niedziela, 7 stycznia 2018

Zimny Folwark / Kaltes Vorwerk: "Jechać do Lwowa"

To Go to Lvov 

By Adam Zagajewski

Translated by Renata Gorczynski 
To go to Lvov. Which station
for Lvov, if not in a dream, at dawn, when dew   
gleams on a suitcase, when express
trains and bullet trains are being born. To leave   
in haste for Lvov, night or day, in September   
or in March. But only if Lvov exists,
if it is to be found within the frontiers and not just   
in my new passport, if lances of trees
—of poplar and ash—still breathe aloud   
like Indians, and if streams mumble
their dark Esperanto, and grass snakes like soft signs   
in the Russian language disappear
into thickets. To pack and set off, to leave   
without a trace, at noon, to vanish
like fainting maidens. And burdocks, green   
armies of burdocks, and below, under the canvas   
of a Venetian café, the snails converse
about eternity. But the cathedral rises,
you remember, so straight, as straight
as Sunday and white napkins and a bucket   
full of raspberries standing on the floor, and   
my desire which wasn’t born yet,
only gardens and weeds and the amber
of Queen Anne cherries, and indecent Fredro.   
There was always too much of Lvov, no one could   
comprehend its boroughs, hear
the murmur of each stone scorched
by the sun, at night the Orthodox church’s silence was unlike
that of the cathedral, the Jesuits
baptized plants, leaf by leaf, but they grew,
grew so mindlessly, and joy hovered   
everywhere, in hallways and in coffee mills   
revolving by themselves, in blue   
teapots, in starch, which was the first   
formalist, in drops of rain and in the thorns
of roses. Frozen forsythia yellowed by the window.   
The bells pealed and the air vibrated, the cornets   
of nuns sailed like schooners near   
the theater, there was so much of the world that
it had to do encores over and over,
the audience was in frenzy and didn’t want
to leave the house. My aunts couldn’t have known   
yet that I’d resurrect them,   
and lived so trustfully; so singly;   
servants, clean and ironed, ran for   
fresh cream, inside the houses   
a bit of anger and great expectation, Brzozowski   
came as a visiting lecturer, one of my   
uncles kept writing a poem entitled Why,
dedicated to the Almighty, and there was too much   
of Lvov, it brimmed the container,   
it burst glasses, overflowed   
each pond, lake, smoked through every   
chimney, turned into fire, storm,   
laughed with lightning, grew meek,   
returned home, read the New Testament,
slept on a sofa beside the Carpathian rug,
there was too much of Lvov, and now   
there isn’t any, it grew relentlessly
and the scissors cut it, chilly gardeners   
as always in May, without mercy,   
without love, ah, wait till warm June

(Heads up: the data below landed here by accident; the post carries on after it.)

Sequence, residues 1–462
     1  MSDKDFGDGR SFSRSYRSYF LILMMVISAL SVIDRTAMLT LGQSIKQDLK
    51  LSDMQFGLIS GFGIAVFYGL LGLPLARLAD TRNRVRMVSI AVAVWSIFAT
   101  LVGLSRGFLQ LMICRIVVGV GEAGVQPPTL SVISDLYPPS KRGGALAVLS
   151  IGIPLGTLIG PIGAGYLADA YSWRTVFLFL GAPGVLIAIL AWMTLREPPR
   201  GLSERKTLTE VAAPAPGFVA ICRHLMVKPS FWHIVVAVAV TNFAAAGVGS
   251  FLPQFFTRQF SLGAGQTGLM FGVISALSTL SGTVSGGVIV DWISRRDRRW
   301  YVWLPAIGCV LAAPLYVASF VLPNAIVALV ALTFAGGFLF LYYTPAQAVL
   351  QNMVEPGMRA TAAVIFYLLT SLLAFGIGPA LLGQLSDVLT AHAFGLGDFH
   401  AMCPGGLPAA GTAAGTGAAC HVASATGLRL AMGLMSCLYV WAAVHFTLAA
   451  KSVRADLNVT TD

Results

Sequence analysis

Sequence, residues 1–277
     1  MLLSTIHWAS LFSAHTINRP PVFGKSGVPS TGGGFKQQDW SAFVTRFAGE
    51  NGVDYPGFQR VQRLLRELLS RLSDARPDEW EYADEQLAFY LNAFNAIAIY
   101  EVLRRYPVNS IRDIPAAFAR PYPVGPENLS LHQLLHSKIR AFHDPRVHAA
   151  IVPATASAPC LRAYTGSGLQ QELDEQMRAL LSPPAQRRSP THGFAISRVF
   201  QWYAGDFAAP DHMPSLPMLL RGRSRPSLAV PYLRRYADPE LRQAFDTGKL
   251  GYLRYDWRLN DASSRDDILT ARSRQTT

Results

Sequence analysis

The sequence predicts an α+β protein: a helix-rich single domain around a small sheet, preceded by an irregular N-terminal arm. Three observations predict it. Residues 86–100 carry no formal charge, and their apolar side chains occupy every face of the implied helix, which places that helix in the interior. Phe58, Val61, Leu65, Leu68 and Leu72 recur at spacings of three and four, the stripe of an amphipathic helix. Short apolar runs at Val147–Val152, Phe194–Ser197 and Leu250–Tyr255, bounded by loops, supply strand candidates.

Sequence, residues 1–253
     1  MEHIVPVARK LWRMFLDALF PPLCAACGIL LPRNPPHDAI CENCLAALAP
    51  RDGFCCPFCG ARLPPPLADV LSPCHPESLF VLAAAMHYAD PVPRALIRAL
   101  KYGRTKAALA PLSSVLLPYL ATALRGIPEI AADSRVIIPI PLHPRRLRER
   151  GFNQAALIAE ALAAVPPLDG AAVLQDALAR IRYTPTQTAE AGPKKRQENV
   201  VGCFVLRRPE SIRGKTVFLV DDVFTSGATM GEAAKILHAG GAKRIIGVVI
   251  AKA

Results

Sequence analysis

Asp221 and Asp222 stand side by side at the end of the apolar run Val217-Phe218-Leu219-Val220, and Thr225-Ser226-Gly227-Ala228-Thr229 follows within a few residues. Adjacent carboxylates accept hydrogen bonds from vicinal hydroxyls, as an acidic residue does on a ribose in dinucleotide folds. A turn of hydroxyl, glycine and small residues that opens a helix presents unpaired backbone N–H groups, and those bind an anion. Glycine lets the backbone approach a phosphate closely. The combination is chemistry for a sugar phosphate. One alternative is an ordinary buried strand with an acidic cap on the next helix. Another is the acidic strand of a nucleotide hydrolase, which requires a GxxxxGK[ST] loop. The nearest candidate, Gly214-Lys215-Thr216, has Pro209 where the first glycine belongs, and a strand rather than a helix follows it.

comes with soft ferns, boundless
fields of summer, i.e., the reality.
But scissors cut it, along the line and through   
the fiber, tailors, gardeners, censors
cut the body and the wreaths, pruning shears worked   
diligently, as in a child’s cutout
along the dotted line of a roe deer or a swan.   
Scissors, penknives, and razor blades scratched,   
cut, and shortened the voluptuous dresses
of prelates, of squares and houses, and trees
fell soundlessly, as in a jungle,
and the cathedral trembled, people bade goodbye   
without handkerchiefs, no tears, such a dry
mouth, I won’t see you anymore, so much death   
awaits you, why must every city
become Jerusalem and every man a Jew,
and now in a hurry just
pack, always, each day,
and go breathless, go to Lvov, after all
it exists, quiet and pure as
a peach. It is everywhere.

czwartek, 20 lipca 2017

Izery, Turkish War, and the Holy Roman Emperor

 [Ferdinand II Habsburg, the grandson of Ferdinand I, in a 3-Kreuzer coin, 1631]

In 1527, we read in the "Heimatbuch des Kreises Löwenberg in Schlesien" (1959), Bad Flinsberg (today Świeradów Zdrój), paid an equivalent of 142 Thalers in a contribution for a war against the Ottoman Empire. The village of Blumendorf (Kwieciszowice) paid almost three times as much: 386 Thaler. This is interesting since today Świeradów has some 4250 residents, and Kwieciszowice a mere 134, over 30 times less. 

The first "proper" Thaler had just been minted: the Joachimsthaler Gulden (1525), which was one ounce in weight (27.2 g):

Joachimsthal is today's Jáchymov in Bohemia. The Thaler was  minted with silver from recently discovered deposits:

During that time, Jáchymov attracted the interest of Georg Bauer, better known as Georgius Agricola, who based his pioneering and famous Re Metallica chiefly on metallurgical studies conducted there in the late 1520s.

The Thaler (which is of course the origin of the "dollar") will become the de facto monetary standard of the Holy Roman Empire:

[Thaler of Ferdinand I of Austria, 1560]

Raising the Turkenkriege tax in 1527 was Ferdinand I Habsburg, king of Bohemia and Hungary since the death of his brother, Louis II, in the Battle of Mohacs a year earlier.

A hundred years later, the Thaler will look  like this:

Or this:

Ferdinand (born 1503) as a young boy:

After raising funds for his military activities, Ferdinand  made some gains against Jan Zapolya in Hungary in 1528, but when the Ottoman ruler, Suleiman the Magnificent, went into action himself, the Spanish-born king saw the low point of his career when Vienna was besieged in 1529.

In 1531, Ferdinand will be elected as king of the Romans:

Świeradów had first been mentioned in history not much earlier, in 1524, and interestingly, as "Fegebeutel". Kwieciszowice has a much older pedigree, dating back to 1305, according to the "Heimatbuch", where it is stressed as a "Neugrundung", a village newly founded (= by German-speaking colonists). At that time, the area was still primarily Slavic.

 [Geographische Delin. des Zum Churfürstenthum Sachssen gehörigen Marg Graffthum Oberlausitz, by Adam Friedrich Kartenzeichner [the Cartographer], before 1742]

A few images from Kwieciszowice in the 2010s: